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Dan O'Connor

Making Charcoal

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Thanks Mark,

 

I will split at least once.

One more task to add to the process. <_<

 

Dan,

I am not sure what kind of support is under the roof .......if the material shrinks during the process ( am not sure it will ) the weight on the roof may become a problem.

 

Jan

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Dan,

I am not sure what kind of support is under the roof .......if the material shrinks during the process ( am not sure it will ) the weight on the roof may become a problem.

 

Jan

Jan,

There is no support except at the outside rim that rests on the dirt

Hopefully the cone shape and my beautiful (not :)) welds will keep it self supporting. Ain't geometry cool! After I fabricated it I stood on the central pipe and jumped up and down on it. How it holds up under heat is another issue. I may regret not welding angle iron along the seams of the octagon. Did not want to add the extra weight for lifting it off alone.

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Jan,

There is no support except at the outside rim that rests on the dirt

Hopefully the cone shape and my beautiful (not :)) welds will keep it self supporting. Ain't geometry cool! After I fabricated it I stood on the central pipe and jumped up and down on it. How it holds up under heat is another issue. I may regret not welding angle iron along the seams of the octagon. Did not want to add the extra weight for lifting it off alone.

 

 

A stack of fire brick or length of large steel ("I" beam drop?)..maybe even a green tree trunk...would go a LONG way to supporting the center of the cover. It may be that you will have to cover the entire lid with dirt to insulate and use more of the heat for a longer char time.

 

What about a small solar powered fan to blow some of the hot exhaust air back to the in-feed as a preheat?....a "Y" junction with the fan on the side should keep the fan from most of the heat and extend its life.....use it like a Venturi assist to blow fresh air and flue exhaust back into the system.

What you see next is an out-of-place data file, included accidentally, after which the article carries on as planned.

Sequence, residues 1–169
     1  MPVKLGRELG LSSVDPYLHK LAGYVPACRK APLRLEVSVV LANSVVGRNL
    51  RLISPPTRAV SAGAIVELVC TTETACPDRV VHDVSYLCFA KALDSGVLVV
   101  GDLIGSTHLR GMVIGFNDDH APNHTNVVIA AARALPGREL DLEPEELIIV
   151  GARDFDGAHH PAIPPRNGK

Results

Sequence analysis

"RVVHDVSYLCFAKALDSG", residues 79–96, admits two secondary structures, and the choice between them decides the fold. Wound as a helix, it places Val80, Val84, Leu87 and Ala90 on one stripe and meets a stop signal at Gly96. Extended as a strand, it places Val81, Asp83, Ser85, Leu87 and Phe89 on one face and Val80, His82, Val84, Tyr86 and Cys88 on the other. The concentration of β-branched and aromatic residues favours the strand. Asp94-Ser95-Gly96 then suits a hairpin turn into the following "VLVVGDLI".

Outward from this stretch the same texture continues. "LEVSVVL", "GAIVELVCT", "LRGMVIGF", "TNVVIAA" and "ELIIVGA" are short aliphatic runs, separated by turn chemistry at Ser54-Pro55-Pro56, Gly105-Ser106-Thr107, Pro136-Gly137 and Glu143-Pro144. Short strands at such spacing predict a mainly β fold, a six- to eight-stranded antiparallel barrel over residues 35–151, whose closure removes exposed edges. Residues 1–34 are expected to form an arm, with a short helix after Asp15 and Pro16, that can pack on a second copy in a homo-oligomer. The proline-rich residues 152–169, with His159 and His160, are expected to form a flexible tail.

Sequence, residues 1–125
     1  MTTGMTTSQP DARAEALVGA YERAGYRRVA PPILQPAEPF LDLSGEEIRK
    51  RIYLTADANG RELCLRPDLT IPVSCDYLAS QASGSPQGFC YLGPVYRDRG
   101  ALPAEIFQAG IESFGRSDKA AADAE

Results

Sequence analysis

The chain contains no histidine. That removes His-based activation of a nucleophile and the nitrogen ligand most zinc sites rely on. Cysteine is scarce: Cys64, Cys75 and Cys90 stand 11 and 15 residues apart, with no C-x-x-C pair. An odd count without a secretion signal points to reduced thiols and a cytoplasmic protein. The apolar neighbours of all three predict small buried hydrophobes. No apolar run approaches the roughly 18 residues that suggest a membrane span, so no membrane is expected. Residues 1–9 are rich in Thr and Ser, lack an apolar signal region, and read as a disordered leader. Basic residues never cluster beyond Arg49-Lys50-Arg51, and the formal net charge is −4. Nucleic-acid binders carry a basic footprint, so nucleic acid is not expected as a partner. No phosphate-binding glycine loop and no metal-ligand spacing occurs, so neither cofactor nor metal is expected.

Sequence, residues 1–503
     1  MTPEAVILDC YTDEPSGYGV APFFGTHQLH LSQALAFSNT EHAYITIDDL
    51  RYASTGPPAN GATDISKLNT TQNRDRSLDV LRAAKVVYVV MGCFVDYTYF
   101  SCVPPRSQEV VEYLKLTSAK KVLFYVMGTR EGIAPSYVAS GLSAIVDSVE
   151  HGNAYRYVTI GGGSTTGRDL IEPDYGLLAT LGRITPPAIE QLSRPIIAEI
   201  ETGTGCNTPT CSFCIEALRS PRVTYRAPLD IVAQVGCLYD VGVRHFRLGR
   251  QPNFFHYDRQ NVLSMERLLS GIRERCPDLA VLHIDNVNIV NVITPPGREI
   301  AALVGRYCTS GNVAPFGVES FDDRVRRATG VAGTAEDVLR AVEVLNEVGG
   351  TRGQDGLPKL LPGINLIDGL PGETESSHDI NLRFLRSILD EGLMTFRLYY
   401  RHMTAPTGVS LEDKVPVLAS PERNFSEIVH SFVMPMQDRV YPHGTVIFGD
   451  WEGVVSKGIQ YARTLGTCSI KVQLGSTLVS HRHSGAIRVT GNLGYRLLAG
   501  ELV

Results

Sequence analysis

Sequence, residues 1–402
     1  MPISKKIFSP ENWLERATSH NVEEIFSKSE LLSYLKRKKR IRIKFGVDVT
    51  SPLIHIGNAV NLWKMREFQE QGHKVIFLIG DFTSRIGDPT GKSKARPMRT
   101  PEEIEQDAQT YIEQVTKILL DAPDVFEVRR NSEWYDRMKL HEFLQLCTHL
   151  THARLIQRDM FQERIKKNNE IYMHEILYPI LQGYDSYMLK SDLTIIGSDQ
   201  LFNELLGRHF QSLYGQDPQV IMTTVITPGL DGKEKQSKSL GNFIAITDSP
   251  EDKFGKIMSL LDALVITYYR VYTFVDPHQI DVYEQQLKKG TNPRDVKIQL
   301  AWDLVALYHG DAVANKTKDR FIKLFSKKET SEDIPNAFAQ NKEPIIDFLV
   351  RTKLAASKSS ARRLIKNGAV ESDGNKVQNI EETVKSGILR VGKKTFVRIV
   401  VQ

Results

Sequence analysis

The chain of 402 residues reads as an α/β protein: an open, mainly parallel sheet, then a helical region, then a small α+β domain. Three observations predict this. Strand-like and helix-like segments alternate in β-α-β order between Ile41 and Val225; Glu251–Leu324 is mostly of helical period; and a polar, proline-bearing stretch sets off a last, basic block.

I have thought about this for my gas forges as well.

 

Ric

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Made the first burn yesterday and last night.

 

Floor of kiln

DSC_1434.JPG

DSC_1436.JPG

 

I took Jan's and Ric's advice and made a steel center support

DSC_1441.JPG

 

All loaded up

DSC_1444.JPG

 

Cookin'

DSC_1448.JPG

 

Coming up to temp

DSC_1447.JPG

 

I ran it on the cool side (380-400C). The wood had about 20% moisture content so it took a while to dry it out.

I shut it down after 24 hours and is cooling now. After 8 hours it was still at 200C. Will open it tomorrow.

 

I did not get a picture of the liquid collection system but I collected about 10 gallons of wood "vinegar". Anybody know of any good uses for this stuff?

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Made the first burn yesterday and last night.

 

Floor of kiln

DSC_1434.JPG

DSC_1436.JPG

 

I took Jan's and Ric's advice and made a steel center support

DSC_1441.JPG

 

All loaded up

DSC_1444.JPG

 

Cookin'

DSC_1448.JPG

 

Coming up to temp

DSC_1447.JPG

 

I ran it on the cool side (380-400C). The wood had about 20% moisture content so it took a while to dry it out.

I shut it down after 24 hours and is cooling now. After 8 hours it was still at 200C. Will open it tomorrow.

 

I did not get a picture of the liquid collection system but I collected about 10 gallons of wood "vinegar". Anybody know of any good uses for this stuff?

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It took about 36 hours for it to cool down enough to open.

 

Here it is after opening.

DSC_1431-1.JPG

 

All of the pieces laid on top charred all the way through.

DSC_1433-1.JPG

 

Split in half

DSC_1435-1.JPG

 

About the bottom third of all the upright pieces did not fully char.

On this piece you can see the change in dimension from charred to not charred.

DSC_1438-1.JPG

This kiln followed the same pattern as my small scale tests. Everything charred from the top down.

 

It did not matter how big the pieces were. A 4" square piece stopped charring at the same level as the 2" square piece next to it.

 

Here is what was not completely charred. About a third of the load.

DSC_1441-1.JPG

 

I am pretty happy with this first run. The charcoal was solid and had a bit of a ring to it but it is clear that it needed to run at a higher temperature and a longer time.

I got 80lbs of good charcoal so a full load should produce around 120lbs. Maybe more-I should be able to pack it all tighter.

 

IT WORKS!! Now it is just fine tuning the process. :D

Edited by Danocon

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Awesome thread!

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Dan,